I guess the idea is, let me get your defenses down with my gentle, inviting sonics. And once I really have you, then I like to hurt your feelings if at all possible. [Laughs] Eight of the 10 songs on the record I co-wrote with friends, and the process of writing and recording them was, thankfully, significantly less painful than the process of experiencing the things required to be able to write the songs. Writing with friends is fun. One of the many gifts of writing in collaboration is that you’re not alone. I didn’t do a ton of writing when I was really in thick of painful disentanglement. I got a bit of distance before I wrote the rawer songs on the record. You gain a little hindsight. You get a little space. You create this sort of transparent buffer when you know the things you’re writing about are now at arm’s length.

Some of that disillusionment you write about was centered around your divorce, but you and Kristin are still working together on the podcasts.
I would say our relationship is currently better than ever. But there was a very difficult stretch of a few years where it was grueling at times for both of us. But we cared so much about the things we were making that neither of us was willing to give that up just because of our interpersonal changes and discomfort.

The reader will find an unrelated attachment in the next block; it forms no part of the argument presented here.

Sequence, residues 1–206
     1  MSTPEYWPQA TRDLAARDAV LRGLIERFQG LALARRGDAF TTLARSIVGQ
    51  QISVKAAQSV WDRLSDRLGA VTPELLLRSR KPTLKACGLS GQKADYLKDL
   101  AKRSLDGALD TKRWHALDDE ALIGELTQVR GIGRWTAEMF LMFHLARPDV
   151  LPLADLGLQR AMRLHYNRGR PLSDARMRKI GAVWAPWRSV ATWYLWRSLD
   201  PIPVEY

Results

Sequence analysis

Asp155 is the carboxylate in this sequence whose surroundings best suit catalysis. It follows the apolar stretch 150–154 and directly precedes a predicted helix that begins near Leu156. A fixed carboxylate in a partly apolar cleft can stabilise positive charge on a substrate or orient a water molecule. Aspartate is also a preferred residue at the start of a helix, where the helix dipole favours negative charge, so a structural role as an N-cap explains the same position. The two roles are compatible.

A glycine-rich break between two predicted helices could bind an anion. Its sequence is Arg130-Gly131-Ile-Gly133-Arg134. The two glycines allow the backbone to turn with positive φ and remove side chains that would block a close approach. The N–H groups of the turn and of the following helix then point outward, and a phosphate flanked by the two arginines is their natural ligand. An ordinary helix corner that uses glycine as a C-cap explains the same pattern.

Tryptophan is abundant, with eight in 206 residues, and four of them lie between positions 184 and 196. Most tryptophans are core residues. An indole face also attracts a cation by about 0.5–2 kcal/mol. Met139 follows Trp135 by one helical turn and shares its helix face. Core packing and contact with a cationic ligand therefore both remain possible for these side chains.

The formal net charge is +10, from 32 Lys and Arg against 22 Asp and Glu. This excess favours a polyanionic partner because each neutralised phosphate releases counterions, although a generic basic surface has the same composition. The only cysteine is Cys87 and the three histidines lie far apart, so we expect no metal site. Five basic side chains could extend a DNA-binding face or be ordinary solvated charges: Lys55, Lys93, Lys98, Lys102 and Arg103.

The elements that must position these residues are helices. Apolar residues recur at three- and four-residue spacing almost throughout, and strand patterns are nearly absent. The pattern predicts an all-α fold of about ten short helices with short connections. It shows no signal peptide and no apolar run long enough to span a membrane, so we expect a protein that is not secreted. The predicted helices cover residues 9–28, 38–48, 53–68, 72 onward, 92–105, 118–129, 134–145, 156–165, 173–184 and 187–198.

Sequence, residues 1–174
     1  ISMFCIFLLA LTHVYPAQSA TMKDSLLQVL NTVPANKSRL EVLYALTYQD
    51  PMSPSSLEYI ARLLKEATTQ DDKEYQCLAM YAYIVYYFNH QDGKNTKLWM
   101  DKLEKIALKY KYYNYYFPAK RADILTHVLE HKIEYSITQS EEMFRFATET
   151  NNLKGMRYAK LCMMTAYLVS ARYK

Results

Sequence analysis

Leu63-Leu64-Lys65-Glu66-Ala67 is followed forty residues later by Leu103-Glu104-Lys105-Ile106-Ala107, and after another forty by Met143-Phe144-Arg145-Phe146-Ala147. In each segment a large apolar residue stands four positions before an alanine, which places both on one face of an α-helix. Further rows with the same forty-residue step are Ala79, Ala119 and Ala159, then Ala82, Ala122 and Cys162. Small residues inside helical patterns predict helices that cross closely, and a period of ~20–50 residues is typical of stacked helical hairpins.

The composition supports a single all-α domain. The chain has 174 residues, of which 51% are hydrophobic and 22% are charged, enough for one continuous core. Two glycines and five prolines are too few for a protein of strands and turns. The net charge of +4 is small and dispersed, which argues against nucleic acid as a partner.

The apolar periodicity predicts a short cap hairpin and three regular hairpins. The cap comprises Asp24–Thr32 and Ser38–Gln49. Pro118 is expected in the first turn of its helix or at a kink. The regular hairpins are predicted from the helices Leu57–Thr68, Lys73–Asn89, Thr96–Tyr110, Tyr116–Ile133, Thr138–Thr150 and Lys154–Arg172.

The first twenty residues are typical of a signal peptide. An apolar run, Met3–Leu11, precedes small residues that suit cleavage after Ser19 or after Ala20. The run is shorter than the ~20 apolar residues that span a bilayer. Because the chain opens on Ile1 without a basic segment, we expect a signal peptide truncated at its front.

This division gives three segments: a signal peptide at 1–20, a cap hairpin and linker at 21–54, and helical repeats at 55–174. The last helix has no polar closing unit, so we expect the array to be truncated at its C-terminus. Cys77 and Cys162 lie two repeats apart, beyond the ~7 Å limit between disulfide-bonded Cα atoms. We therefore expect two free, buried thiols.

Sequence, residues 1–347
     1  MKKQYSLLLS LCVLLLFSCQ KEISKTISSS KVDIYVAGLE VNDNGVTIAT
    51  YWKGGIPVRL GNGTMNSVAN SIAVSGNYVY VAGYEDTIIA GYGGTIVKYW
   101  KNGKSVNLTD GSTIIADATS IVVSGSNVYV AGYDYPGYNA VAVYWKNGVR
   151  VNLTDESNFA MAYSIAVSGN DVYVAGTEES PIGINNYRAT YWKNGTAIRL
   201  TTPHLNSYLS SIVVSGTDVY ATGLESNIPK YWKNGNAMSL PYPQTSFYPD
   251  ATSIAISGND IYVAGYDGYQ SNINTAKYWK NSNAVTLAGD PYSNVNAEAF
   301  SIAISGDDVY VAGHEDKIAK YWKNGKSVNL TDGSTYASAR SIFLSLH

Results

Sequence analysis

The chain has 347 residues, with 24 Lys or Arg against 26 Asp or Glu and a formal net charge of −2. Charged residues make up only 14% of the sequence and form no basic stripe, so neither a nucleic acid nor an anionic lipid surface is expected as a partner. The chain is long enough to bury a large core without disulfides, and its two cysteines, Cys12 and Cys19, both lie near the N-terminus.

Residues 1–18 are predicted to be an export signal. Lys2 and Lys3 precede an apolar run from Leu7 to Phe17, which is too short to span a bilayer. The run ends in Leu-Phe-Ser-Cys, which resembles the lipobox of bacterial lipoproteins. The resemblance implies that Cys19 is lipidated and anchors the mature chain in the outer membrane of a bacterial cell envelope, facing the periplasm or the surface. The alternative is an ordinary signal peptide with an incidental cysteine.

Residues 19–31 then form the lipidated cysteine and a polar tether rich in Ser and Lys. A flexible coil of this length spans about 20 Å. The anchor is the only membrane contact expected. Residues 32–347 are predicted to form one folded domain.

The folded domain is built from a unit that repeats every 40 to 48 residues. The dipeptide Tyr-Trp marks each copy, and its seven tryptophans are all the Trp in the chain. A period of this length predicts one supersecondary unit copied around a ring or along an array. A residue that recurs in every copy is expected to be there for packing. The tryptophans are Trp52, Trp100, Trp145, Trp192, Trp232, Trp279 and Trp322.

What was impetus for becoming a songwriter-for-hire after Unwavering Band Of Light?
I was living in Brooklyn for nine years, and my manager at the time suggested I try co-writing sessions. My manager had one other client, and it was Dan Wilson. I got to do a lot of writing with him. He’s the ultimate example of someone who’s writing with incredible artists, but he’s still making Semisonic music and he’s still making Dan Wilson music. He’s really good at maintaining the state of play, as opposed to the state of work. I learned so much from an attitude perspective. As I started going to L.A. on writing trips more and more, it felt like being on tour. So I moved out there and started doing four or five sessions a week. That amounted to hundreds of songs that will probably never leave the hard drive—and some songs that did get cut by various artists.

Like, say, Panic! At The Disco?
That was truly mind-blowing. I met somebody through my publisher named Jake Sinclair, who produced Panic! At The Disco records. We really hit it off, and he started hosting these Saturday-morning mini-camps. He’d bring eight of us in who were all published by the same company, and we’d get breakfast tacos and write for three hours. Sometimes we’d leave with a few different choruses or a verse, sometimes we’d leave with a complete song. Jake amassed all these song seeds, and he’s a real mad scientist when it comes to pulling in all these disparate ideas. The chorus we wrote for “High Hopes” was kicking around on some hard drive. There’s another song on that record called “Roaring 20s” … We wrote a whole song at one of the camps. He took [part of] what we did and airlifted it into a whole other song. It doesn’t sound like it should work, but it worked perfectly.

—Hobart Rowland